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Missouri: Not All Medical Marijuana Efforts are Created Equal #YesOn2

  • by Erik Altieri, NORML Executive Director November 1, 2018

    NORML Recommends:
    YES on Amendment 2
    NO on Amendment 3
    NO on Proposition C

    Voters this November have the opportunity to make Missouri the 32nd state to allow for the physician-recommended use of marijuana, and based on the latest polling data, they will likely do so.

    Therefore, the important question before voters is no longer if the Show-Me State should legalize medical cannabis access, but how Missouri will do so.

    That is because not one, not two, but three medical marijuana measures (two constitutional amendments and one statutory measure) will appear on the ballot on Election Day. But not all of these measures are created equal, and it will be up to voters to decide which one of these three is ultimately in the best interest of Missouri’s patients.

    On Election Day, NORML urges voters to stand with New Approach Missouri and vote “yes” for Amendment 2. Quite simply, Amendment 2 — unlike its competitors — puts the interests of patients first.

    Amendment 2 will let doctors — not legislators or bureaucrats — decide if marijuana is the appropriate option for their patients. Every day, we entrust physicians to use their discretion with regard to assisting their patients in making the right decisions. Amendment 2 upholds the sanctity of the patient-doctor relationship and leaves these important medical treatment decisions up to those who know best: Missouri’s practicing physicians.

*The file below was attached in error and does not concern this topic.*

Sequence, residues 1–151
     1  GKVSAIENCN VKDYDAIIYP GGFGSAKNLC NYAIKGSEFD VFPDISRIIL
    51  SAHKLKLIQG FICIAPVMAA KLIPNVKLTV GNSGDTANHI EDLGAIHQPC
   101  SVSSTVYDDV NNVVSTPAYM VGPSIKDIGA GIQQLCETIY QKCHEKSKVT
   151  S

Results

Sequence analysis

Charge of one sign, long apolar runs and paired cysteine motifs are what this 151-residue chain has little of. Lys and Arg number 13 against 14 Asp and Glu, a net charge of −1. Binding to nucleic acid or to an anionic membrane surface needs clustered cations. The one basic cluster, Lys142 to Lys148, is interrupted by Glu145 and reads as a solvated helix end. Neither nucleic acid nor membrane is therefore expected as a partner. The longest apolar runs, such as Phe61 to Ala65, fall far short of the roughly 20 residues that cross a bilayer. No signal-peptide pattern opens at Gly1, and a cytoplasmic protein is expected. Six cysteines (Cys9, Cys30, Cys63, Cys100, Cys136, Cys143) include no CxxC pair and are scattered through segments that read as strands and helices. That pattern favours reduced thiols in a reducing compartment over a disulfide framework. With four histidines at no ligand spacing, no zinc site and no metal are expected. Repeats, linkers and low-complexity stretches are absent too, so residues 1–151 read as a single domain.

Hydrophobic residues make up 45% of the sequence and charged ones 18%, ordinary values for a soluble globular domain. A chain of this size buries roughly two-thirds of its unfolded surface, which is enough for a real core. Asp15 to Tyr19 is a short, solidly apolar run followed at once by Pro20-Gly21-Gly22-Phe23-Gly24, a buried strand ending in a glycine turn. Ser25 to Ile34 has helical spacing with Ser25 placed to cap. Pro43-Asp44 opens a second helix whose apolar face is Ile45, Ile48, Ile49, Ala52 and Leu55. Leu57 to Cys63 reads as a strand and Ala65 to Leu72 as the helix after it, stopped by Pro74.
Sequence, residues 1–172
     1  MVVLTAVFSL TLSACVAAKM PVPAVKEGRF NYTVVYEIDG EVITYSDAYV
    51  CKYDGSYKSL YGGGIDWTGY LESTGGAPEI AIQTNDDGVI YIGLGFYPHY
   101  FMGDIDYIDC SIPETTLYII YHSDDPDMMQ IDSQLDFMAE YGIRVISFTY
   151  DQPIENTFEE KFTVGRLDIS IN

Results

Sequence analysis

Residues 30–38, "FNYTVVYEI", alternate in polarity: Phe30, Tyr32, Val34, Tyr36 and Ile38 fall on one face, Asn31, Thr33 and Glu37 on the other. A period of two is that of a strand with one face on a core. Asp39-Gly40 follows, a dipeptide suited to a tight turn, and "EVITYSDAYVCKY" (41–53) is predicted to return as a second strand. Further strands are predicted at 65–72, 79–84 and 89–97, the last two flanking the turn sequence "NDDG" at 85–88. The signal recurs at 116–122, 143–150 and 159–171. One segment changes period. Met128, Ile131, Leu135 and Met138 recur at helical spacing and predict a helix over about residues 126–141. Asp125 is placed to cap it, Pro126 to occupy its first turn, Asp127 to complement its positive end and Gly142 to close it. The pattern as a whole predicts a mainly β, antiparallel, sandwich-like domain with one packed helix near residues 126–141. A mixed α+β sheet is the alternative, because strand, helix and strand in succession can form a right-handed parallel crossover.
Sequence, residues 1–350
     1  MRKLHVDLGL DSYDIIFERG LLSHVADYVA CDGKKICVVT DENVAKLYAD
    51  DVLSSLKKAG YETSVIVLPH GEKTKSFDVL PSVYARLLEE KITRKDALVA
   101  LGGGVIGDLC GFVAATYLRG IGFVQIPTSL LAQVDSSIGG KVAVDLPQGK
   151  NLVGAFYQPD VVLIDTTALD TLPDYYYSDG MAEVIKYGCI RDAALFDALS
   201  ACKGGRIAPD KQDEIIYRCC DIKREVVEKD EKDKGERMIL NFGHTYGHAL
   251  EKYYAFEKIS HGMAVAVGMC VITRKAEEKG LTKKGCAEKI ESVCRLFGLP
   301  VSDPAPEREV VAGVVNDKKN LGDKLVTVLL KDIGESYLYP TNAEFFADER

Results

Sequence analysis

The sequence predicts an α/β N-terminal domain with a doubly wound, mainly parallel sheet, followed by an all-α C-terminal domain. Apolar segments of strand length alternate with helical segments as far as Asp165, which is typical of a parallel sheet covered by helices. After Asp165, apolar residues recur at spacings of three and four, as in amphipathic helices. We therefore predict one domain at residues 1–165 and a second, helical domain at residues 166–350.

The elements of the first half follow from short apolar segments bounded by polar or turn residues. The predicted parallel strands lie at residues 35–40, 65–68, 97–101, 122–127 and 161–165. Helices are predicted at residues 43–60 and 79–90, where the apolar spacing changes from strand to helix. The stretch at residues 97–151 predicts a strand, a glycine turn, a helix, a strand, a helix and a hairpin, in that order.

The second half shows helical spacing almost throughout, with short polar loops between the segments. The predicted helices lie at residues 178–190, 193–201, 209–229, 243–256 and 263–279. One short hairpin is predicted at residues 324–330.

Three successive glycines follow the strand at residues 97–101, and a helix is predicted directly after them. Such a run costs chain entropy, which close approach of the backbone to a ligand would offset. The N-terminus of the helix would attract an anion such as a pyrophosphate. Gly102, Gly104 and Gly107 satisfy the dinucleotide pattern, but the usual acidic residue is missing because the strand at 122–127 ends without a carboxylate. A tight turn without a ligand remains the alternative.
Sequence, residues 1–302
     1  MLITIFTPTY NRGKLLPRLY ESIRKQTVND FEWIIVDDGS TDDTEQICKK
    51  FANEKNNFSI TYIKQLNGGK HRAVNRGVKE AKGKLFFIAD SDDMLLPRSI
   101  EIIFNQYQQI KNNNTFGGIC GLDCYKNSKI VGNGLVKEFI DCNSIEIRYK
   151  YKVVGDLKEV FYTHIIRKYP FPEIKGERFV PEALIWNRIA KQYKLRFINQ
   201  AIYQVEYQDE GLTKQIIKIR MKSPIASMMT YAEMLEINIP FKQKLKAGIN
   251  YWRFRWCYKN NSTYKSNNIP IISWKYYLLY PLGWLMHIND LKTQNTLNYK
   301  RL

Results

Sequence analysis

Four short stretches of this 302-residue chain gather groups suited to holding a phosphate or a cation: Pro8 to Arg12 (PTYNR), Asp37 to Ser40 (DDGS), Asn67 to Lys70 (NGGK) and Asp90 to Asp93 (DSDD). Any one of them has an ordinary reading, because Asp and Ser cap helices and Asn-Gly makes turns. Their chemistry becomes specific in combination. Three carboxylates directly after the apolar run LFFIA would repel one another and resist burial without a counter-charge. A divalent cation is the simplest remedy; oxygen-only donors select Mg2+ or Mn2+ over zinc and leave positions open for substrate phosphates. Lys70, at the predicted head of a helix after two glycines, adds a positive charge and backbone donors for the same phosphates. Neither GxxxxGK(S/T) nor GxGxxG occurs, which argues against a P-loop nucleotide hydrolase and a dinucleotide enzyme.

While a competing effort, Amendment 3, proposes the highest tax rate in the nation for medical cannabis products sold at retail (15%), Amendment 2 would set one of the lowest. The revenue raised by the retail sale of medical cannabis will go directly to the Missourian Veterans’ Health and Care Fund and will be used to help provide those in the state who put their lives on the line with necessary health services.

    While much has been written about the obvious flaws of the competing constitutional amendment, Amendment 3, these criticisms are worth repeating. While Amendment 2 is supported by a diverse coalition of patient advocates, Amendment 3 was funded entirely by one person, who drafted his amendment for his own personal benefit. It also puts this same funder largely in charge of overseeing the state’s medical marijuana program. This is hardly in the best interest of Missouri patients.

    Amendment 2, on the other hand, places the program’s oversight in the hands of the Missouri Department of Health. It also creates a robust statewide system for production and distribution of medical cannabis, with strict deadlines in place to ensure that qualified patients do not have to unduly wait for dispensaries to become operational.

    Finally, and most importantly, Amendment 2 is a constitutional amendment, which makes it more resilient to legislative tampering and intervention. By contrast, lawmakers can choose to amend Proposition C largely at their discretion, regardless of what voters decide.

    If you read each of these proposals closely, one clear choice emerges. Amendment 2 creates a broad and patient-centric program that is designed to be implemented in a timely manner and withstand any legislative challenges along the way. The other two can’t say the same. Not all ballot measures are created equal and that is why we encourage all voters to support the superior one this Election Day. Vote YES on Amendment 2. Vote No on Amendment 3 and Prop C.

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